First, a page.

We all have our metaphysical notions but these should at most provide motivation for doing science or trying a particular line of research. Metaphysical commitments, no matter how much they are commonly accepted, are not part of science. Science is conditional.

Other posts on science and metaphysics are here, here, and here.

Science or stories

Science has no stories. Stories have characters, plots, and narratives. Science has data, hypotheses, postulates, and theories. Science and stories are different. They should be kept separate.

Stories can refer to science or be about scientists, but that is not part of science. Science can refer to stories or collect data from stories, but that is not storytelling.

Evolutionary stories are not part of science. Evolution without stories is part of science. But evolution without stories is variation and adaptation.

The science community and its boosters confuse science and stories. They are different and should be kept separate.

History is a chronicle, a narrative, a story. But history is not science.

The Bible is a story of stories. It includes chronicles, poetry, parables, and letters. The Bible may refer to science, but the Bible is not part of science.

The stories of the Bible are not inconsistent with science as long as science is not confused with stories. If science is confused with stories, then there may be inconsistencies with the Bible. The answer is to stop confusing science and stories.

Biblical creationists follow the science community and its boosters in confusing science and stories. Creationism is about history and theology, not science.

Science or stories: focus on one or the other but don’t confuse them.

Wise knowledge

Presuppositions are a priori suppositions, usually unstated. They are not inevitable. Presuppositions may be replaced with suppositions. That is, presuppositions may be made explicit.

For example, someone might say, “I will flip a coin. If it is heads, I will adopt presupposition A; if it is tails, I will adopt presupposition B.” In that case, neither A nor B are presuppositions; they are suppositions that are chosen a posteriori.

Mathematics is the discipline that is based entirely on suppositions. It is purely conditional. “If X is supposed (or given), then Y follows necessarily.” If X is rejected, then something else may follow.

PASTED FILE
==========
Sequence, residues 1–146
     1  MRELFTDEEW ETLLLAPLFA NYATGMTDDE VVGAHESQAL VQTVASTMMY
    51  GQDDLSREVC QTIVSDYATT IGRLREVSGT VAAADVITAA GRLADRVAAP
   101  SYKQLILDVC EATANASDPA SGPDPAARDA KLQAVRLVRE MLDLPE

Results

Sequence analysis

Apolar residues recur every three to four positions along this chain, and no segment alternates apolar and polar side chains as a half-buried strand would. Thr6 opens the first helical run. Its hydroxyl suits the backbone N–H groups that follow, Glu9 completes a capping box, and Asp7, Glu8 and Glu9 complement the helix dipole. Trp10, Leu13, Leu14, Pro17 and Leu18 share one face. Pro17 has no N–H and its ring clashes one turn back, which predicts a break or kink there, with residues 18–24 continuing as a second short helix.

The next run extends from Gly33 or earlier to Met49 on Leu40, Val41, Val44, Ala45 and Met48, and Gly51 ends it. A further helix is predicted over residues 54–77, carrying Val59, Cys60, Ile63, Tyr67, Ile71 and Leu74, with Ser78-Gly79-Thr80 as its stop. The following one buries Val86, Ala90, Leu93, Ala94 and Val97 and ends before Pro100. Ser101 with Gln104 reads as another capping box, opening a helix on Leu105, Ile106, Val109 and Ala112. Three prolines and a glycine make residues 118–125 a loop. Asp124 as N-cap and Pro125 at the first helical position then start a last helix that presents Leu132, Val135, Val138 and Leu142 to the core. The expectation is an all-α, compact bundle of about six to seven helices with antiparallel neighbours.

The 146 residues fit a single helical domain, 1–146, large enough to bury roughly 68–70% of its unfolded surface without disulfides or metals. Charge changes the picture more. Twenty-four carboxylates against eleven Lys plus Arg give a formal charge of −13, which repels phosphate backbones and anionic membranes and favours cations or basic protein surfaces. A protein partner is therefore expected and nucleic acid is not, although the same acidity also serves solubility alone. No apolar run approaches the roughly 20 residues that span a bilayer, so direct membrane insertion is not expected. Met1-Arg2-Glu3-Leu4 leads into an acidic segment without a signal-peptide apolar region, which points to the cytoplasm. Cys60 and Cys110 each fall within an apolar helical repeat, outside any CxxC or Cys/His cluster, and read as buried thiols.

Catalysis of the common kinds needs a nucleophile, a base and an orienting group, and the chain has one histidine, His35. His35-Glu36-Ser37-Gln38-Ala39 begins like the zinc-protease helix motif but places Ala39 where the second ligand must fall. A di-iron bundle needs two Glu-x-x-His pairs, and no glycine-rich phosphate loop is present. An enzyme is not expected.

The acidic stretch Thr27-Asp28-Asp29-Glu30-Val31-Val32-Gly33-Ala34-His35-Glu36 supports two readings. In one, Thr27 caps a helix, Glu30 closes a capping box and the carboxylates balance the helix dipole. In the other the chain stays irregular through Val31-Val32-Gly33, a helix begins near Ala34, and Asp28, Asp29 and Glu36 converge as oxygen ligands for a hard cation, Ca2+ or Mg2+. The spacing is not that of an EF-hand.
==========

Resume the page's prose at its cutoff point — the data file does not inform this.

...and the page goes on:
The existence of mathematics shows it is possible to have knowledge that is truly universal. Science is the attempt to mathematize all knowledge and remove all subjectivity. That is the “view from nowhere”. See here for how induction works through formal definitions and conditions.

But is it wise to remove all subjectivity? No, for the simple reason that it would turn us into mere objects. The person in us cries out, “I am not a number; I am a free man” (The Prisoner). We are subjects and so want a “view from somewhere”.

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Middle ontologies

As the previous post noted here, nominalism seeks a minimal ontology, that is, a minimum of qualities. This qualitative parsimony leads toward the ultimate minimum ontology: an ontology of one. That is, the assertion that there is only one quality, one kind of stuff, whatever it may be called – matter, energy, or whatever.

This is a bias toward one extreme. Compare the opposite extreme: quantitative parsimony, which leads toward the ultimate of one member in each kind of thing so that each thing is unique. This has the advantage that it allows the individuality of every thing to be emphasized rather than obscured by being merely one member of a large class of things.

But either bias is a bias and so predisposes the search for knowledge toward a biased answer. It would be better to adopt a neutral ontology, or seek one, in order to avoid biasing the result. Such an ontology would be between these two extremes, somewhere in the middle. That allows a great deal of flexibility for research and discussion, contrary to the take-it-or-leave-it attitude that goes with an extreme ontology.

A middle ontology could be a common sense ontology, at least as a starting point, since common sense recognizes some qualitative distinctions. A middle ontology could be a mid-entropy ontology, with some notion of middle to select the best frequency or probability distribution. In any case, the search for knowledge should prefer middle ontologies, and only if all middle ontologies fail should an extreme ontology be considered.